Proxy advisors are the hidden force behind the rise of the ESG (environmental, social and governance) movement and its morph into a large-scale grift wherein American companies and investors are the victims.
This little-known industry, dominated by Institutional Shareholder Services and its smaller competitor Glass Lewis, has fundamentally changed ESG. What began as a public relations and marketing effort for corporations to show employees and customers they are responsible actors now functions as a corporate credit score where those who refuse to play the game are denied access to investor capital.
Publicly traded companies have often been slow to fully understand the power of proxy advisors and their affiliates to materially harm shareholder value by merely issuing an ESG rating downgrade.
According to the Forum for Sustainable Investment, approximately $17.1 trillion U.S. investor dollars are invested under so-called “sustainable” investment strategies, which consider ESG ratings. Therefore, a downgrade in a company’s ESG ratings from a B to a C would materially impact the stock price in the same way as a credit downgrade from Moody’s.
Given the power of these ESG ratings, publicly traded companies and retail shareholders must have direct access to how these ratings are calculated. Unfortunately, proxy advisors call that information proprietary and refuse to disclose it. Where they do provide information, their metrics leave them open to lots of qualitative judgments, which can be abused.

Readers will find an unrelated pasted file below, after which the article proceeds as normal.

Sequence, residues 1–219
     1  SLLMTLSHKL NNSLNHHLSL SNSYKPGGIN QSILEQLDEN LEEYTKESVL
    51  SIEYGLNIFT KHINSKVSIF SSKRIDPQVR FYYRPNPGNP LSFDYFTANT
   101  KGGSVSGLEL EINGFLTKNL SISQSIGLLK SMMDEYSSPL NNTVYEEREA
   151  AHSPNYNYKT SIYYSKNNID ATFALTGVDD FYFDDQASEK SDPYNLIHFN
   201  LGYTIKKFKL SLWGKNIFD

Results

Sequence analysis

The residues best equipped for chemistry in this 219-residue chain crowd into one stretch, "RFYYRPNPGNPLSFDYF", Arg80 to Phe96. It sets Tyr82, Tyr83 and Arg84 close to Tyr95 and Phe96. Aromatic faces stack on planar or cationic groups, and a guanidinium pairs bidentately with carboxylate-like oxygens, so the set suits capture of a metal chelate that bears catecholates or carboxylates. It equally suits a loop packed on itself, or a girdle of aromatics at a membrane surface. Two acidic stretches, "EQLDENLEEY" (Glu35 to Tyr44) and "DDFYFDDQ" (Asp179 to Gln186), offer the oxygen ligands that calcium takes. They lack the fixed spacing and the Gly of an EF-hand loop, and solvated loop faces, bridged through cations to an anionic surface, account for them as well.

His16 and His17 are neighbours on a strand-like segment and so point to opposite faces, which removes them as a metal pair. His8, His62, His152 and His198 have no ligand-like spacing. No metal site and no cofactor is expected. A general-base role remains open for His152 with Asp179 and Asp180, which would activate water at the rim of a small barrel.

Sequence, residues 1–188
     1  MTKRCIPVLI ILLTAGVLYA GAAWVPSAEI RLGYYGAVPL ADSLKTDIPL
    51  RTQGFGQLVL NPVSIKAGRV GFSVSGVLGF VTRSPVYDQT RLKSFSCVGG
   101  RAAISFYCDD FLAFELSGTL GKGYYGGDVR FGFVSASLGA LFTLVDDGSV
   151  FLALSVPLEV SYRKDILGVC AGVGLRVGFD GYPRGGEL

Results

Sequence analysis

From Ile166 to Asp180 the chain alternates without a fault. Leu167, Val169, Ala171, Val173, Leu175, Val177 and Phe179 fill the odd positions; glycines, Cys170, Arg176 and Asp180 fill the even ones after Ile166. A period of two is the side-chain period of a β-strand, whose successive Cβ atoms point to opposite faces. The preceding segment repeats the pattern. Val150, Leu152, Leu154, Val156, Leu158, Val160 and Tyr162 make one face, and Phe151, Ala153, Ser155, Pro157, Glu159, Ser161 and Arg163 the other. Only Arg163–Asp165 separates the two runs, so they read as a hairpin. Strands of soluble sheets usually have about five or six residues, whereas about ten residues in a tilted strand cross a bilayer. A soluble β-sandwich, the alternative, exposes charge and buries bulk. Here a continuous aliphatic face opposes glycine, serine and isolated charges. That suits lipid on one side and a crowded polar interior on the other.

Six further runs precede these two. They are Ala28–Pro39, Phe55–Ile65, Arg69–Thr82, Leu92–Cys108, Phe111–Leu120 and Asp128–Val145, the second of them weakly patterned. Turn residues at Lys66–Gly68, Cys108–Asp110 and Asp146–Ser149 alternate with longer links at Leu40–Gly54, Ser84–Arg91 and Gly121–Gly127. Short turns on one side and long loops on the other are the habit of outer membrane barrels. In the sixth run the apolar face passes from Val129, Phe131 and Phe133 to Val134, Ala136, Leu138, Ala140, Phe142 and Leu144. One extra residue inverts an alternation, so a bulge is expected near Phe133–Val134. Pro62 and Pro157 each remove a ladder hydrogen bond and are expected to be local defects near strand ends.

Even more troubling is that ISS currently has a significant potential conflict of interest. They provide ESG ratings and a consulting business that helps public companies improve their ratings. Investors may suffer from wrongly investing in companies that have high ESG ratings because they paid for consulting rather than because they are good corporate citizens.
Anglo American, the parent company of the infamous De Beers Group known for “blood diamonds” and indentured servitude, enjoys top ESG marks and vaunted “ESG Prime” status from ISS. Did it receive its marks because of high ESG performance or because of paying ISS? This apparent conflict of interest leaves investors troubled as to whether ISS’s ESG scores are based on the company’s ESG performance or on the company paying for ESG consulting.
In May, the SEC announced its intention to regulate ESG claims by asset managers, insisting that they observe some level of standardization to prevent abuse. While this is a reasonable step, it fails to address proxy advisors’ significant role in the process. The SEC must regulate proxy advisors in two ways:
First, proxy advisors should be required to spin off their ESG consulting businesses, which present a significant conflict of interest detrimental to investors and public companies that do not engage them. Short of that, proxy advisors should be required to disclose clearly, when releasing ESG ratings, how much money was paid to them by the public company.
Second, proxy advisors should be required to publicly disclose their quantitative and qualitative methodology in calculating ESG scores.
Given the significant amount of money run under so-called sustainable investment strategies, the SEC must take appropriate action to protect American businesses and investors from being victimized by an arbitrary and conflict-of-interest-ridden ESG system enforced by proxy advisors.
Effective SEC action will embolden public companies making the most positive impact, not those willing to pay to play.
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